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In The Family
What Is Deglazing?
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The simple technique that brings big flavors to your food.

Recipes in older cookbooks and bloggy shorthand often talk about deglazing—“deglaze with wine or chicken stock”—so what does the term really mean? Deglazing begins with a dirty pan, specifically dirtied with stuck-on meat and vegetable bits from searing and sautéing. In French, these bits are called fond, or foundation, so named because they’re the deeply caramelized essence of seared flavor.

Deglazing is the process of dissolving these flavor bombs in liquid to bring their essence back into a dish, as a cooking liquid or sauce. While the dirty pan is still hot, add a few tablespoons of water, wine, stock, or vinegar, and as the liquid comes to a boil, scrape the pan with a wooden spoon to loosen those stuck-on bits. The hot liquid makes a handy solvent and in a minute or two will be loaded with liquefied fond. An added bonus? The technique also makes the pan easier to clean when you’re finished cooking.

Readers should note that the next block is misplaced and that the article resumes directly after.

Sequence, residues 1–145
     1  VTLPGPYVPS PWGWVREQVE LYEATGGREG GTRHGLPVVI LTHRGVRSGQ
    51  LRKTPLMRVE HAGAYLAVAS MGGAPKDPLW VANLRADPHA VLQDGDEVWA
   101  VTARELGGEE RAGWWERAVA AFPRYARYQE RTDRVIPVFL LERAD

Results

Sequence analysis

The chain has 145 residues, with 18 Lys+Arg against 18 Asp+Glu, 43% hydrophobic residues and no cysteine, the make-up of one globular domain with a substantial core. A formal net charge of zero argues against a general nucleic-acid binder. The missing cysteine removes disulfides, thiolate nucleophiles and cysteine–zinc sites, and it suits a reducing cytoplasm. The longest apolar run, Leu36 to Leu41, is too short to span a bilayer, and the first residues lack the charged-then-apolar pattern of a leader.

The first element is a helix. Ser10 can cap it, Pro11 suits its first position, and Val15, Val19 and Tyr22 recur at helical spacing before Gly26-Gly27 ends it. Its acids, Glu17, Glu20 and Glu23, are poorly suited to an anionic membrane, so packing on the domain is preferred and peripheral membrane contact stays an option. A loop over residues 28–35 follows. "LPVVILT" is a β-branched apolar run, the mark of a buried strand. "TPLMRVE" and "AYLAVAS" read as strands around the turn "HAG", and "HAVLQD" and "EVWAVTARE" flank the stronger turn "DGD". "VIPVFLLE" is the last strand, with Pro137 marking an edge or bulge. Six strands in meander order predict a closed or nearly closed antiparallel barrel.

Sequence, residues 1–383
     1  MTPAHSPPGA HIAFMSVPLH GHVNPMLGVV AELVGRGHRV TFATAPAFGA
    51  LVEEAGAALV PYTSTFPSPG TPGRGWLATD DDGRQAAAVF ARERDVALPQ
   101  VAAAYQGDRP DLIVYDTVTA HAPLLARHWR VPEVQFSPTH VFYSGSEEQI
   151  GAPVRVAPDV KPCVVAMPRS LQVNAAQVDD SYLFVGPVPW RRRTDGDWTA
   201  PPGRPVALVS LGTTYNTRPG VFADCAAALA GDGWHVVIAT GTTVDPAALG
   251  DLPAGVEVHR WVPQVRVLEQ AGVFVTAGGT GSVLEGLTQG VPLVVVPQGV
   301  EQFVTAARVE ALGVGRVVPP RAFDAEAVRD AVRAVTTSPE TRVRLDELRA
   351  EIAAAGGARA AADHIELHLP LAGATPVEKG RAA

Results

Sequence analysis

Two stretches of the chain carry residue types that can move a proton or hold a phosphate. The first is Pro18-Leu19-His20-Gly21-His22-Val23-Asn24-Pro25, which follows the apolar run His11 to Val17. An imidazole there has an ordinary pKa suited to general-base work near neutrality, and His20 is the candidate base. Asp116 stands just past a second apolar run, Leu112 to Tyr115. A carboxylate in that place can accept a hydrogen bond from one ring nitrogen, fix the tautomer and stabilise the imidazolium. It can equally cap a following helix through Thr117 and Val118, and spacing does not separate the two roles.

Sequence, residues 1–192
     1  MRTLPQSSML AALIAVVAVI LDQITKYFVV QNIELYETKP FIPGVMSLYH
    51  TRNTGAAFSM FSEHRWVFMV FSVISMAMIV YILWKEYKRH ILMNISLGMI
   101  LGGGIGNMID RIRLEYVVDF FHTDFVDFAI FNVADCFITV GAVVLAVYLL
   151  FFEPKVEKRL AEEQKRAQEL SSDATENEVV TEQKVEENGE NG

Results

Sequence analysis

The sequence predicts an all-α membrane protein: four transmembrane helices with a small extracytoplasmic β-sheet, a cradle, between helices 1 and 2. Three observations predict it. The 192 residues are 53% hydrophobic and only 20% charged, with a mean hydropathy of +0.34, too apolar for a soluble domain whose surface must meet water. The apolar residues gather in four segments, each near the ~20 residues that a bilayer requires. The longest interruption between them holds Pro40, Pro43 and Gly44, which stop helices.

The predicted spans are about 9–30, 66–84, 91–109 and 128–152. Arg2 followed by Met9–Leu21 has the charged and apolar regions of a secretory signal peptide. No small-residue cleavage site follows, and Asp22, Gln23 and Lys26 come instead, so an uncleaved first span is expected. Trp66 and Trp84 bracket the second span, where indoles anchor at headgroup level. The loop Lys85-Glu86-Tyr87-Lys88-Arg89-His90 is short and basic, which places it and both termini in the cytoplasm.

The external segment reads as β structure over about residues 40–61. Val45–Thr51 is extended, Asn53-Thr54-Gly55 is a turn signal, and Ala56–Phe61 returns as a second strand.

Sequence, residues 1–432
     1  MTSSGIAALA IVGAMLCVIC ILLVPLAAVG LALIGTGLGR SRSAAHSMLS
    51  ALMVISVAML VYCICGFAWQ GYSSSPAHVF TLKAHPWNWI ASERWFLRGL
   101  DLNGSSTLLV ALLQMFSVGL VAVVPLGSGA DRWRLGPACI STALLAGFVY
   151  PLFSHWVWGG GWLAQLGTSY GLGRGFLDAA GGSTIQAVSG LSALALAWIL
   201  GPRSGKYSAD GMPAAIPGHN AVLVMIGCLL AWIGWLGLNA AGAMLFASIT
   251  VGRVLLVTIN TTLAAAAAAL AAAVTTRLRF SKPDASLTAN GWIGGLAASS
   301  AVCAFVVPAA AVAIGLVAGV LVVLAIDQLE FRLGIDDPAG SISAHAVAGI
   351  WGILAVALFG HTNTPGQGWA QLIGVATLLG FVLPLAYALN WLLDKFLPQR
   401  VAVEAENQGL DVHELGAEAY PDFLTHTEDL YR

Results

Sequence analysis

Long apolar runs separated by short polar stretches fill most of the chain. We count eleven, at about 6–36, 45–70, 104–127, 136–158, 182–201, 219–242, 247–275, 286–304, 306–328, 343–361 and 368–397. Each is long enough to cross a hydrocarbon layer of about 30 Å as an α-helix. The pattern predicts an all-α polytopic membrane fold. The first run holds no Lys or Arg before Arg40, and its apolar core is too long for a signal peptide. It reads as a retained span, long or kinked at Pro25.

Also read: What Makes a Great Meat Marinade?

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Max Falkowitz

Max Falkowitz is a food and travel writer for The New York Times, Saveur, GQ, New York magazine’s Grub Street, and other outlets. He’s also the coauthor of The Dumpling Galaxy Cookbook with Helen You.